Surgery, forceps
File photo: Doctors at a Kenyan hospital have mistakenly performed brain surgery on the wrong patient. GUILLAUME SOUVANT/AFP/Getty Images

A team of doctors in Kenya have accidentally performed brain surgery on the wrong patient.

A man was waiting to go under the knife after it was discovered he had a blood clot in his brain. But nearby, another patient was awaiting treatment for swelling, which required a non-invasive procedure. A mix up with ID tags led to the wrong patient being operated on.

According to Daily Nation, the doctors did not realise their mistake until "hours into the surgery" when they failed to find a blood clot.

The neurosurgeon operating at Kenyatta National Hospital has been suspended. The patient who underwent the brain surgery is recovering.

Hospital chief executive Lily Koros has come forward to say that they "deeply regret" the mix up, according to the BBC. Koros assured the hospital was doing all it could to "ensure the safety and well-being of the patient in question".

"We are happy to inform the public that the patient is in recovery and progressing well," she said. "The management has suspended the admission rights of a neurosurgeon registrar and issued him with a show-cause letter for apparently operating on the wrong patient."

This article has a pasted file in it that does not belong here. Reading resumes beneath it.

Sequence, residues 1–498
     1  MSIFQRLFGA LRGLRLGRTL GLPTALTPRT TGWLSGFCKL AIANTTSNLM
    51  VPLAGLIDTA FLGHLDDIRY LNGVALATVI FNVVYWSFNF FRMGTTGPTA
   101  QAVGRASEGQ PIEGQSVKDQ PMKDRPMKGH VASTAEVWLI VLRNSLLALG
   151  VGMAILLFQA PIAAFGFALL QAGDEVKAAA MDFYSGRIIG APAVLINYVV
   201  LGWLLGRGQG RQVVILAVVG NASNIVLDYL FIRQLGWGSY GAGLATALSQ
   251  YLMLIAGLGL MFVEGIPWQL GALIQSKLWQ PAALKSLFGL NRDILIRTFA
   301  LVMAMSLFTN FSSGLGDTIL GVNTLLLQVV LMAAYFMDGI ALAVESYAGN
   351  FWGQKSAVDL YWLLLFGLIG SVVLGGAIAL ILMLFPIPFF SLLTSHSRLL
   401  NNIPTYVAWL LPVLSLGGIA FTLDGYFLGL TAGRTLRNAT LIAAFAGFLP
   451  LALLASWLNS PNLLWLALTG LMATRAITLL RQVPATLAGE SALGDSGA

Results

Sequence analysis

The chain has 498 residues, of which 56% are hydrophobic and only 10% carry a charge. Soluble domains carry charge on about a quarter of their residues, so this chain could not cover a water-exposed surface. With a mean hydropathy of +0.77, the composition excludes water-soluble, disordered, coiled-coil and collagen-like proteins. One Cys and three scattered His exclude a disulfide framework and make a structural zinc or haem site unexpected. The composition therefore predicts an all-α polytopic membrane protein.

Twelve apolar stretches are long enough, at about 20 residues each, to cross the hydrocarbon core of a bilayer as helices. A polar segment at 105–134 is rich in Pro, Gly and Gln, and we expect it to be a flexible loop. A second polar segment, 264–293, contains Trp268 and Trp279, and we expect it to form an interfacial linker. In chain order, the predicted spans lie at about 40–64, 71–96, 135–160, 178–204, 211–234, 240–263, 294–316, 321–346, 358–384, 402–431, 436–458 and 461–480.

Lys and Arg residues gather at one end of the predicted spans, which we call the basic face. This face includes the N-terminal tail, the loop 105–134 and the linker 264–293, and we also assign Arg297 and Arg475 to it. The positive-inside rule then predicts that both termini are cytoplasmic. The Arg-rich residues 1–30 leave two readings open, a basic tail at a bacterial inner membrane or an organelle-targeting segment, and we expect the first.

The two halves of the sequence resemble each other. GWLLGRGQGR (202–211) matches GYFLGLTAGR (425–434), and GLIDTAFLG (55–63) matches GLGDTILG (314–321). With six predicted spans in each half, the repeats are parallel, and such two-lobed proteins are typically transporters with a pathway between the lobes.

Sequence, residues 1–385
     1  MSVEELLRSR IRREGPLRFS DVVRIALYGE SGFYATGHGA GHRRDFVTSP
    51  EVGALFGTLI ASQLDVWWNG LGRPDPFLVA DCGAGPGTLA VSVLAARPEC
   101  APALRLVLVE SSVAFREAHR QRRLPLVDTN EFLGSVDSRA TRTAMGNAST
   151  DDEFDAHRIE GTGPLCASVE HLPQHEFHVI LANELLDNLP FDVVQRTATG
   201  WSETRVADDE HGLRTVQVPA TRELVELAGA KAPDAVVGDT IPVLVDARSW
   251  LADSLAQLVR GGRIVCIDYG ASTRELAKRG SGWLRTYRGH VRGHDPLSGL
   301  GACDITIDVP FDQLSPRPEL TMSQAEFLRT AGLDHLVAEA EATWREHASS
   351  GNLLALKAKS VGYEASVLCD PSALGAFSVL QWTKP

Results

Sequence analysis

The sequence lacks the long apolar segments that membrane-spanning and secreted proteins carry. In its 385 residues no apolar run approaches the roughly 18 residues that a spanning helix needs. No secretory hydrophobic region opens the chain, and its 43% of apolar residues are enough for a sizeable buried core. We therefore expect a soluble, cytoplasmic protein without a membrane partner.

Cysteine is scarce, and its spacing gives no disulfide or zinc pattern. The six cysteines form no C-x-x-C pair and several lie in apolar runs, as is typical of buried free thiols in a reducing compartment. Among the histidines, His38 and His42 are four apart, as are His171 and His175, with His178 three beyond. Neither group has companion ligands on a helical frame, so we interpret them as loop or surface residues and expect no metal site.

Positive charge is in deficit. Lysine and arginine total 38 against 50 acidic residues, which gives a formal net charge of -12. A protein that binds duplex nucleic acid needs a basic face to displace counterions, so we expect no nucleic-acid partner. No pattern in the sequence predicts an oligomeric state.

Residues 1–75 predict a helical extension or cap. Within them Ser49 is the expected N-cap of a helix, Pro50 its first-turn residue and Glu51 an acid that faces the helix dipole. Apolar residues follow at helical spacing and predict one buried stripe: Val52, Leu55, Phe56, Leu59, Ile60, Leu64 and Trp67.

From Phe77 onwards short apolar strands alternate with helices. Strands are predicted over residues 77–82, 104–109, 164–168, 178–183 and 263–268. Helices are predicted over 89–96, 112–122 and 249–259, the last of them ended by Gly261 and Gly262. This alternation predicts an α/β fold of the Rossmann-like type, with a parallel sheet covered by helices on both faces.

Other staff at the hospital are protesting the suspension and saying the person/people who tagged the patients are the ones who made the mistake.

According to the BBC's Anne Soy in Nairobi, Kenya Medical Practitioners and Dentist Board chief executive Daniel Yumbya said this was the first such case in the country. "The board has heard nearly 1,000 cases of medical malpractice in the last 20 years," Soy said.

The Kenya Medical Practitioners, Pharmacists and Dentist' Union defended the hospital and said staff shortages were leading to a lack of adequate space to operate in. "You find one doctor could be doing 10 to 19 operations (per day)," chief executive Ouma Oluga told Reuters.